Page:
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Condensation on aluminum window frames

Discussion in 'Windows and Doors' started by maxima88x, 28 Nov 2018.

  1. maxima88x

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    Hi!

    I've moved into a flat with aluminum window frames which I think don't have a thermal break as they are cold to the touch.
    Humidity indoors is around 50% and I get loads of condensation on the frames (nothing on the window glass).
    I have googled extensively without finding a solution to this problem.
    I was thinking if I were to paint a coat of clear water repellent sealer like this product: https://www.screwfix.com/p/no-nonsense-water-repellent-seal-clear-5ltr/57474
    on the frames would this avoid the formation of condensation?
    Can't wait to hear your opinions!
    Thanks!
     
  2. JohnD

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    No.

    How is the flat ventilated?

    Is wet washing ever draped inside your home?
     
  3. maxima88x

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    The trickle vents are always open.
    I always use extractor fans when cooking or showering.
    I do dry the washing indoors turning on the dehumidifier.
    Washing or no washing, the humidity level is always around 50% yet when there is a thermal excursion i.e. inside temperature 20C and outside 10C condensation keeps on forming.
    I can't believe that there is no type of thermal wrap tape (with a finish and function similar to vinyl wrap) to stick onto the frames....
    : (
     
  4. Lower

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    If they are old aluminium framed windows with no thermal break then the only way you're going to fix the problem is by replacing the windows, reducing the temperature of the flat or reducing the humidity in the house. Water will condense on any cold surface the only way to stop that from happening is stop that surface being cold relative to the temperature in the flat.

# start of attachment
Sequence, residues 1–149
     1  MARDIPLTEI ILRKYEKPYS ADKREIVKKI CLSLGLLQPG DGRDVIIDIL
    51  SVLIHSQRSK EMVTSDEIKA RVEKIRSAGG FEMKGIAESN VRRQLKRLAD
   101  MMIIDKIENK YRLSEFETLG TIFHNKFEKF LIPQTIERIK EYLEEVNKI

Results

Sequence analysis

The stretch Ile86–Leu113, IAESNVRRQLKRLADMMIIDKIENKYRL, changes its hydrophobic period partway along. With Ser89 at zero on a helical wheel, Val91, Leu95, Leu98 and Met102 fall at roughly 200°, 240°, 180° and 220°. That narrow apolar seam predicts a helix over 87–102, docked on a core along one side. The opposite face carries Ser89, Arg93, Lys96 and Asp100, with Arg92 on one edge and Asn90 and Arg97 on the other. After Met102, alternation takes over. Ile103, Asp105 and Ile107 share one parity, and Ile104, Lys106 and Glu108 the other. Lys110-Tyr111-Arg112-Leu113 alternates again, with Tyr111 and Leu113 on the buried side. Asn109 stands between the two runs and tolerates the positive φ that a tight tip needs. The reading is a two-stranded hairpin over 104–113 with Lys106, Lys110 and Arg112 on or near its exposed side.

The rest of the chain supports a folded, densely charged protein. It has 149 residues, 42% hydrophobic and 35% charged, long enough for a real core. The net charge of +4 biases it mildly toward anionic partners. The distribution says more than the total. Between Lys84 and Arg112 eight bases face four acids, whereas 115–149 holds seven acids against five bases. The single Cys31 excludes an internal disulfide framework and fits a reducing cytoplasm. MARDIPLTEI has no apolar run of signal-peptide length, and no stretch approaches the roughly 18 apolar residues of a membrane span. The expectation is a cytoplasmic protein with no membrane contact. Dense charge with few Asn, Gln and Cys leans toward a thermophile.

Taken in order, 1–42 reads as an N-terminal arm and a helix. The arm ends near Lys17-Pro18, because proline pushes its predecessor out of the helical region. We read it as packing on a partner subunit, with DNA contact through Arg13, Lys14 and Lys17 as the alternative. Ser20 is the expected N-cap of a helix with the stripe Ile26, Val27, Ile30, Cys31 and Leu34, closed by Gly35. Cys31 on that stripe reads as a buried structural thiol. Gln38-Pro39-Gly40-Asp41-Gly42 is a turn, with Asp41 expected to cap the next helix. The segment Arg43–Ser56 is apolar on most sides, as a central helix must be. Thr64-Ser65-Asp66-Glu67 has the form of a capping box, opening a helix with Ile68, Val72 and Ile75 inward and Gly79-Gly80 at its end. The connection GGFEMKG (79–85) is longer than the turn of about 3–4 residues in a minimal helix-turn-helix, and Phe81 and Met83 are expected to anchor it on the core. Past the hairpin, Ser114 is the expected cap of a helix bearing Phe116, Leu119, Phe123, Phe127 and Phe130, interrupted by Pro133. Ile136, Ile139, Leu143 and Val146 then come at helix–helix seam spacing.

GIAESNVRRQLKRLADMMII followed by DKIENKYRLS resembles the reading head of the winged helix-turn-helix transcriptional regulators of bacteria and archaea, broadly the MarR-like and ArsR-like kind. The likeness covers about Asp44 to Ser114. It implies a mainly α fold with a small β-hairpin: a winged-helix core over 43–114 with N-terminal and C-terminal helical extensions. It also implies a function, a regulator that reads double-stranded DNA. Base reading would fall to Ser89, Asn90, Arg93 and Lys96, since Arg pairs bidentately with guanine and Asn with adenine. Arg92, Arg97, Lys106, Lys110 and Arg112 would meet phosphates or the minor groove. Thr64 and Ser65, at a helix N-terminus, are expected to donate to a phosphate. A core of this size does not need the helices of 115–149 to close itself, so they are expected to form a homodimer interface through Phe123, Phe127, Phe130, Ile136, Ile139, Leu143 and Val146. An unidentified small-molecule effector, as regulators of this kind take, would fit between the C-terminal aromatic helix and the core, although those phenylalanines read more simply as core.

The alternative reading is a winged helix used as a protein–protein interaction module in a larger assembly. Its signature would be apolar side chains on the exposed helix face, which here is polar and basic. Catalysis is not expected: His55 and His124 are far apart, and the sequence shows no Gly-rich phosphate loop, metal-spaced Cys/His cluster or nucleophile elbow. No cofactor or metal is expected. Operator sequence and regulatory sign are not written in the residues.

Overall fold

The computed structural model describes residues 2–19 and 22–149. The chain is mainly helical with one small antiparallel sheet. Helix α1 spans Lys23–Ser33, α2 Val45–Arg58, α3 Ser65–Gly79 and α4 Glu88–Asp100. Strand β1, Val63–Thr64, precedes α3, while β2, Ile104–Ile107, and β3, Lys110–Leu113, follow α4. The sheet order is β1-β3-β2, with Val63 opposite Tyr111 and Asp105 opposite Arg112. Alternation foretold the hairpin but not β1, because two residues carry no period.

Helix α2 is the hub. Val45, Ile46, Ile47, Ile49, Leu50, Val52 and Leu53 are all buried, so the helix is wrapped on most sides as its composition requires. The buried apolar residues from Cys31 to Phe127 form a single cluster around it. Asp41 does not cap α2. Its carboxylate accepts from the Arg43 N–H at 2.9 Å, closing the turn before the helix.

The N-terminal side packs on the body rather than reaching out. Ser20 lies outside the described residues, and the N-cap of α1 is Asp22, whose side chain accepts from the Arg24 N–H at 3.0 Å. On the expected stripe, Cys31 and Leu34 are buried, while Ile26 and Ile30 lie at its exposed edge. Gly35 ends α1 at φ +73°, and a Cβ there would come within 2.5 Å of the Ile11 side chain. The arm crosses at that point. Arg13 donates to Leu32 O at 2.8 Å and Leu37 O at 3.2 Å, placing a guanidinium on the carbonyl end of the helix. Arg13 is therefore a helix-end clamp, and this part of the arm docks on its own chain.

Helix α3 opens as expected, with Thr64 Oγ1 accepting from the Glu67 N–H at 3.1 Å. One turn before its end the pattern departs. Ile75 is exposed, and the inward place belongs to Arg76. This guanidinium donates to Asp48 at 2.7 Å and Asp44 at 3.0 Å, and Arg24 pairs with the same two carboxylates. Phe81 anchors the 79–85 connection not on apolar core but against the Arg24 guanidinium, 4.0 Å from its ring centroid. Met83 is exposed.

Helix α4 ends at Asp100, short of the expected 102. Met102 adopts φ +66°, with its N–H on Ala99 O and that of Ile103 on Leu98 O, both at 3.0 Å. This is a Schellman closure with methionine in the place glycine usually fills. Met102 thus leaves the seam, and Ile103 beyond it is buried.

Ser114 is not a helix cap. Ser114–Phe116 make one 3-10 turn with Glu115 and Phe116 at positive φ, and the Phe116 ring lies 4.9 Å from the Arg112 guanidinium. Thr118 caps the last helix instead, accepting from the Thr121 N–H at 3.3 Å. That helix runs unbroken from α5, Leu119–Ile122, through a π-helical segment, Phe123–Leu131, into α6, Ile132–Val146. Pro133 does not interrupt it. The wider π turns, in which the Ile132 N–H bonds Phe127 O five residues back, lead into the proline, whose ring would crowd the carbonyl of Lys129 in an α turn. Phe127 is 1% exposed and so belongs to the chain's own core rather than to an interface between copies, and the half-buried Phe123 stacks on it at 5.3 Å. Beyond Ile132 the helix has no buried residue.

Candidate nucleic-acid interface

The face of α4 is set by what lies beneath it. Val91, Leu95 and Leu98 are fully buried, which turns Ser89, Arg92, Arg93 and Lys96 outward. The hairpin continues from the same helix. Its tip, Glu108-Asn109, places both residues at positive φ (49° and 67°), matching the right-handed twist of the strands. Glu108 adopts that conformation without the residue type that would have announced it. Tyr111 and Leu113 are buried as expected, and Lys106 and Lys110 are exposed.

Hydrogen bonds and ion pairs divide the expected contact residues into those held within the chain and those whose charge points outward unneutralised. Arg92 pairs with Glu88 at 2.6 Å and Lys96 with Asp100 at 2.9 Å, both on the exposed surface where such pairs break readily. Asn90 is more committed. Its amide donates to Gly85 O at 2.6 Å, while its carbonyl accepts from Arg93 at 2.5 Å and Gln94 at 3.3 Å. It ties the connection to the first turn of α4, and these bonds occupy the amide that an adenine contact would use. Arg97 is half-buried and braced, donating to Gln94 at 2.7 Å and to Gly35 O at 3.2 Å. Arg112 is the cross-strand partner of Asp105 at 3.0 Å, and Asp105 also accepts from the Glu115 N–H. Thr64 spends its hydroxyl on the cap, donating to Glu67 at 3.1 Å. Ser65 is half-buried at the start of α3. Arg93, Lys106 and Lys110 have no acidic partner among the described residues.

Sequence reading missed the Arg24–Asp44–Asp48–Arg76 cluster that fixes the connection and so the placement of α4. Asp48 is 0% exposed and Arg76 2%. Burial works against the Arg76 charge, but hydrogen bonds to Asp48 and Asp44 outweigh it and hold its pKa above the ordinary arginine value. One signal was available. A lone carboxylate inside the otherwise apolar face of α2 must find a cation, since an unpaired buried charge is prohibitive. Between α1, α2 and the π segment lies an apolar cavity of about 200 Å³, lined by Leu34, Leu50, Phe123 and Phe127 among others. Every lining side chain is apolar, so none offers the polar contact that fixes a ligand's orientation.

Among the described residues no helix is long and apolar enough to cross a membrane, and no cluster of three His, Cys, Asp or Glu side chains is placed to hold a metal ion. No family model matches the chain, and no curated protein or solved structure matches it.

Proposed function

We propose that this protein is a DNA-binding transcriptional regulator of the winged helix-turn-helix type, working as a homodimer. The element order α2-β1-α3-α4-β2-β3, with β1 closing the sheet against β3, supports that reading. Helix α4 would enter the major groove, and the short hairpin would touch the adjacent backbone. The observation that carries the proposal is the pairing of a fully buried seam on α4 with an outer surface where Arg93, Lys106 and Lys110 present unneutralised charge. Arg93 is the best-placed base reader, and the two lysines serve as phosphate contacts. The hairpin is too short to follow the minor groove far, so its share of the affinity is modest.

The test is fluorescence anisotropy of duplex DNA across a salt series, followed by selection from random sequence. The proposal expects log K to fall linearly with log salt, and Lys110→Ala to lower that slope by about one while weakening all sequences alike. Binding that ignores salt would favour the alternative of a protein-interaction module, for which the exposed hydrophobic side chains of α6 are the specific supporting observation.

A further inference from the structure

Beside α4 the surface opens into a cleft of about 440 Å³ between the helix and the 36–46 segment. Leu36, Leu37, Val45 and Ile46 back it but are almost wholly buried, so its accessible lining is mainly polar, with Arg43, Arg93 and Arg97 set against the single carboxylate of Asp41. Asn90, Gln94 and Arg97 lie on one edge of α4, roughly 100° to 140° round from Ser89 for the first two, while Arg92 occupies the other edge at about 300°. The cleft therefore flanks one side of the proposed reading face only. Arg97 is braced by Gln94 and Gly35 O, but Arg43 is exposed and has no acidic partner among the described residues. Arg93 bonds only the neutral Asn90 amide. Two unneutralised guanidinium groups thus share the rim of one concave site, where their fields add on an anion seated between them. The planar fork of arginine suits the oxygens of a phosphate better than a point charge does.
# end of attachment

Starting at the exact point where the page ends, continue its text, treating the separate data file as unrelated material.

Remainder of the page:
5. Notch7

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    the water repellent wont work -its designed for porous surfaces like stone or timber.

    Your best option would be to try rain x designed for glass -as used on car windows, available from halfords -Im not sure it would work on n aly frame, it might do if very smooth powder coating.

    or you could buy a tubular heater to sit on the window board

    If you are getting the problem when you get up in the morning, it could be the curtains are closing off the window reveal so the air gets colder over night.

    Even thermally broken aly isnt amazing, it still feels cold -but prob enough to stop most condensation.

    https://www.amazon.co.uk/Sunhouse-T...F8&qid=1543399028&sr=8-3&keywords=tube+heater
     
  6. foxhole

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    Drying washing indoors is the equivalent of throwing a jug of water at the windows, dehumidfier won't cope with it, you need a tumble dryer.
    High humidity suggests poor ventilation as John mentions. The winds are not a problem, its your lifestyle.
     
  7. Norman crossfield

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    The problem it's not summer it's as damp out side as inside your home so opening windows or vents won't help much I suggest hiring a good humidifier for a week to pull any moister out of your home if this improves you should look at buying one regards Norman
     
  8. StephenStephen

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    I have old aluminium single glazed framed windows which get condensation on the glass and the frames. I'm certainly not going to replace them as they need no maintenance and seem to last forever. What I am going to do is install some secondary glazing.
    I'm guessing yours must be double glazed if you're getting no condensation on the glass?
    A thought I have is that if you put some thermal insulation on the inside surface of the frames, that could solve the problem - some kind of foam self adhesive draught proofing strip is what I would try.
     
  9. Norman crossfield

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    Well just keep trying different options to see what works best as condensation is just moister trying to escape when you see a kettle boiling and the steam dissapeares but it doesn't it finds a cold stop and turn back to moisterall the best Norman
     
  10. albadiy

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    yes drying clothes indoors is not a good idea. even the act of cooking and breathing puts moisture in your air. this moisture will condense into water when it touches a cold surface. you need to make less water in the air, more ventilation and more warmth inside i think.. unless its very damp outside when you go out leave a window wide open if you can.
     
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